Even small spaces can become productive, and, if you create a mini food forest in your backyard or even on your patio, you can make a big impact on the quality of your food and the health of your local ecosystem.
Permaculture has become a popular buzz word among organic and natural growers. If you aren’t familiar with permaculture, the term or the concept, you can look at our website for more information. Basically, permaculture is a set of design principles based on natural ecosystems. In short, we try to create managed landscapes that mimic what is happening in untouched natural landscapes.
Creating a whole ecosystem sounds like a tall order for a weekend gardener or someone confined to growing in containers on a patio in a third-floor apartment. If you look at the 12 principles of permaculture design, you will see that it might not be that hard.
12 Principles of Permaculture
Let’s look at the 12 principles and then see how we can adapt each to a small space garden or landscape.
Observe and Interact
Get engaged with nature then look for a design solution that fits your situation or location
Catch and Store Energy
Design your landscape so that it collects resources at the peak abundance and then feeds those resources back into your landscape when they are less available.
Obtain a Yield
Not just fruits and vegetables but even intangibles like enjoyment, peace and satisfaction from what you are doing.
Apply self-regulation and obtain feedback
Is everything you do in the landscape productive? Is the landscape as close to being self-supportive as possible?
Use and value renewable resources and services
Make the best with what you have and with what nature provides. Avoid using non-renewable resources in your garden.
Produce no waste.
Value the resources of your landscape. See that everything that comes out of our landscape goes back in as a productive input.
Design from patterns to details
Look at nature for the patterns and frameworks. Use these as the backbone of your design and then fill in the details.
Integrate rather than segregate
There are relationships in nature that should be observed and replicated.
Use small and slow solutions
Small and slow will yield better results than big and fast. It allows you to manage the landscape better and makes it easier to keep in balance.
Use and value diversity.
Diversity creates strength. Diverse landscapes are better able to deal with threats.
Use edges and value the marginal.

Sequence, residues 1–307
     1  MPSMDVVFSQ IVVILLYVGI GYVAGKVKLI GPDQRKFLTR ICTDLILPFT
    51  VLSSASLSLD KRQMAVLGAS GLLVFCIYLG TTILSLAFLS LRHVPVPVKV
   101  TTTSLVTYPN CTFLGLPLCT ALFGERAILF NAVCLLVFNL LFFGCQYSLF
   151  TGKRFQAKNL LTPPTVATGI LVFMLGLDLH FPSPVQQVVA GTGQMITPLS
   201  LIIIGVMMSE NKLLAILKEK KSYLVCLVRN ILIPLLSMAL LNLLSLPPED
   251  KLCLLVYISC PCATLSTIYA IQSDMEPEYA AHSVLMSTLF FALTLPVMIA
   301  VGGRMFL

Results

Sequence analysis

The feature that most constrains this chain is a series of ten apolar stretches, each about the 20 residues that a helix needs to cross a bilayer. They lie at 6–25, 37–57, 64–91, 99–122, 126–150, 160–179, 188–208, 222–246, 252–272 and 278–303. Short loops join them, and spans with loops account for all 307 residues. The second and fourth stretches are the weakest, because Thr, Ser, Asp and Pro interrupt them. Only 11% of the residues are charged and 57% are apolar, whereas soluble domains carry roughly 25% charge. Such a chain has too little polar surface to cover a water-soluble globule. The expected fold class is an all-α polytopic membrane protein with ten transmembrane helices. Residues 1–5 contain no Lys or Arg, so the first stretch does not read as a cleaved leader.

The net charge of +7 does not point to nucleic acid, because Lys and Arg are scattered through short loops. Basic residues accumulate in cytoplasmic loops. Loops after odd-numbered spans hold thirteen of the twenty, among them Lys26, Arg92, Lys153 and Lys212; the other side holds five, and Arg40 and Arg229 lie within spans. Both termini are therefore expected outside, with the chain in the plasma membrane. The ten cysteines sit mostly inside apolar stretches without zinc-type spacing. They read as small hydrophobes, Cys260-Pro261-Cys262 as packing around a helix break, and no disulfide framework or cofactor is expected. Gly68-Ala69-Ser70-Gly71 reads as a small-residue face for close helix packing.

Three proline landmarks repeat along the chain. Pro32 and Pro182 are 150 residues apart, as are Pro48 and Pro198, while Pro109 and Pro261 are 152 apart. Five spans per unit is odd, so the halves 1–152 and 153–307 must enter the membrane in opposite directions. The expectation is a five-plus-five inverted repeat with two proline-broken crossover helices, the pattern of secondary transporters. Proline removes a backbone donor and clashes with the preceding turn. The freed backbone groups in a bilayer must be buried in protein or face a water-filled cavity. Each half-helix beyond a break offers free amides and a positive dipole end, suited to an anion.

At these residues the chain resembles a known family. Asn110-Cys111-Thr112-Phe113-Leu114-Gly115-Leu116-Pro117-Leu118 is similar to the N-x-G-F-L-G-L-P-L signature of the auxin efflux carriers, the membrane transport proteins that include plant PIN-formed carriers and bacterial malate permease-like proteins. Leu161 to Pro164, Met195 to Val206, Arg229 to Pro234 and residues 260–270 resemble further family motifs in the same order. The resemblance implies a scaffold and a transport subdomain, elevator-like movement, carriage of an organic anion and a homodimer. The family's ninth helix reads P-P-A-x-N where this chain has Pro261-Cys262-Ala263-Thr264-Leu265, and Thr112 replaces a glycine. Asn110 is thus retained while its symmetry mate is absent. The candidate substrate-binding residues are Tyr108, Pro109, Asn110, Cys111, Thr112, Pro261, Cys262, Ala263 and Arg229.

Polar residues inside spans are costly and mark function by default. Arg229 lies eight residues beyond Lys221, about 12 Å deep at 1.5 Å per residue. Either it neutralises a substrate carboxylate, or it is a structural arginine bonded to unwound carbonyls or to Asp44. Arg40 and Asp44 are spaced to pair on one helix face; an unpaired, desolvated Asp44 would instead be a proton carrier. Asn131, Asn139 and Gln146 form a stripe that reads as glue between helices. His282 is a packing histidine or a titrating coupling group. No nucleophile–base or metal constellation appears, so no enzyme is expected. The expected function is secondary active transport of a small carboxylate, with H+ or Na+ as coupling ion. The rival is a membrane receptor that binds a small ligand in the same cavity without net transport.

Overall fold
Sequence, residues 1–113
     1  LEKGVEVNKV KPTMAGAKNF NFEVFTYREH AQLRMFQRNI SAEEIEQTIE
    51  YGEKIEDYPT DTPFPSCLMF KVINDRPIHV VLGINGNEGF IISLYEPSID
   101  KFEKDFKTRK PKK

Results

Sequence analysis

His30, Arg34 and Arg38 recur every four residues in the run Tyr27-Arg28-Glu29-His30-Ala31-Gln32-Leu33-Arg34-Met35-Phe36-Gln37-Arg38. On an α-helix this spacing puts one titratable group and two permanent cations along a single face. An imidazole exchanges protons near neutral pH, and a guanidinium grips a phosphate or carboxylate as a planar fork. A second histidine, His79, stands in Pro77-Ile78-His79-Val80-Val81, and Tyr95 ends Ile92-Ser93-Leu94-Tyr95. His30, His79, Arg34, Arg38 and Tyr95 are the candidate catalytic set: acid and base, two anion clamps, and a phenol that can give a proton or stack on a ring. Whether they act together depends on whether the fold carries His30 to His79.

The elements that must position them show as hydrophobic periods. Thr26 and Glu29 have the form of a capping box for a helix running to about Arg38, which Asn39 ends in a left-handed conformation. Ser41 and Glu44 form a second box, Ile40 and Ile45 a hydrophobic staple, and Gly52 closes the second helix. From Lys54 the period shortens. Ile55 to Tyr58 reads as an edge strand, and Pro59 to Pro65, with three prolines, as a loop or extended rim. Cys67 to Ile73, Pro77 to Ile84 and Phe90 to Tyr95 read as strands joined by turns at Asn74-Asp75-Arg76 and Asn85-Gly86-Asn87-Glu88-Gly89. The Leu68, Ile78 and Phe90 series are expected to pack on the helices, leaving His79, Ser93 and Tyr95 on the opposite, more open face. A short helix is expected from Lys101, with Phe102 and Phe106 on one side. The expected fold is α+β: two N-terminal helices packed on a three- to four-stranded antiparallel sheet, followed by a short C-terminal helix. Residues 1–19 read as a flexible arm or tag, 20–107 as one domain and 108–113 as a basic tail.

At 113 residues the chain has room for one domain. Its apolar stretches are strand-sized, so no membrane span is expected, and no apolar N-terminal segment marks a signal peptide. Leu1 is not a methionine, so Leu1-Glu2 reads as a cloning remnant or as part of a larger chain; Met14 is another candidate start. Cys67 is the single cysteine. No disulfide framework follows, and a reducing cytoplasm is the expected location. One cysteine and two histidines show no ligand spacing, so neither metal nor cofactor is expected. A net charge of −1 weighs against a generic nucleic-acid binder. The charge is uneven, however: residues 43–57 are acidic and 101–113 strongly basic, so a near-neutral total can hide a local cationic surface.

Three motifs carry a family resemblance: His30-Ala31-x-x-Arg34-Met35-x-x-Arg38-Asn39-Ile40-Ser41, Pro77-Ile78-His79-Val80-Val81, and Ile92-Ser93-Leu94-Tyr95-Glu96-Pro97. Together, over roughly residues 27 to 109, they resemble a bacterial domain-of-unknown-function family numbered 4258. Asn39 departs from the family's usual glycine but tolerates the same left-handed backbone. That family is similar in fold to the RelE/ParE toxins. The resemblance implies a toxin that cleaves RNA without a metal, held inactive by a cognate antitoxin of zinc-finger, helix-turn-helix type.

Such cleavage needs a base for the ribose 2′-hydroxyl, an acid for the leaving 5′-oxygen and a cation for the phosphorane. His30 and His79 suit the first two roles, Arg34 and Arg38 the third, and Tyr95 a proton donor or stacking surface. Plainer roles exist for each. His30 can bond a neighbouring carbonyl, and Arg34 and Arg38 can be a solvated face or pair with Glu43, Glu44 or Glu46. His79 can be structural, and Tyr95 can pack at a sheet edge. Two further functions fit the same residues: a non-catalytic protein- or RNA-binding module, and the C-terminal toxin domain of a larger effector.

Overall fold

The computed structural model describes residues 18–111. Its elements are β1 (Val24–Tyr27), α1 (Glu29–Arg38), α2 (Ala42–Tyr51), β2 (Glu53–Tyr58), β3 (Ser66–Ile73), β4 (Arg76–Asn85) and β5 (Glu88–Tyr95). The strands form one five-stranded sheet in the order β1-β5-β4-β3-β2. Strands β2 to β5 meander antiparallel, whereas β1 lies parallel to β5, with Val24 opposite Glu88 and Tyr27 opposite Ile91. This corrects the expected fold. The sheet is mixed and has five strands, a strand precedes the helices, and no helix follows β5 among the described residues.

The space where things meet is often where the most interesting things take place.
Creatively use and respond to change
Nature is not a static environment. Change is ongoing and constant. Intervene only when necessary.
Ideas for the Small Space – creating a mini food forest
If your space is limited or there are issues with access or mobility, build a raised bed. Perhaps it needs to be waist height to aid in access. Raised beds give you much more control over soil, weeding, and planting. They can be easily covered to extend growing seasons.
The Value of Companions
In a small space, companion planting is critical. Companion planting is one of the key tenets of permaculture. Find those symbiotic relationships and foster them in your small space. Remember, diversity builds strength.
If you want vegetables, don’t forget the flowers and herbs. Use herbs as part of your companion planting scheme and you not only get to enjoy the variety of different plants, but you have fresh herbs to enjoy with your vegetables. Permaculture is also about other kinds of yields from your garden. Finding joy in what you are doing, gaining a measure of peace from your garden is important and satisfaction from your efforts are key elements in permaculture design.
Water is important
Add a small water feature to your small space landscape. Attracting pollinators, beneficial insects and birds is a big part of creating an ecosystem that mimics nature. A water source for these creatures will add to the attraction, bringing in all sorts of interesting things to watch and observe.
Collect rainwater for use in your garden. Even if it is just a small barrel, your plants will appreciate it, and it serves to fulfill the admonition to use what is available and to value the resources that nature provides.
Designing a small space garden can be as satisfying as creating the garden itself. It doesn’t have to be big. Adding just one small space in our ecosphere enhances the overall health of our larger ecosystem.
There are more resources for small space gardeners, container gardening, and raised bed gardening on our website at https://www.westtexasorganicgardening.com.
If you have questions about gardening or organic systems and lifestyles, ask us on our Facebook page, @westtexasorganicgardening, or contact us through our website. We will be happy to answer questions.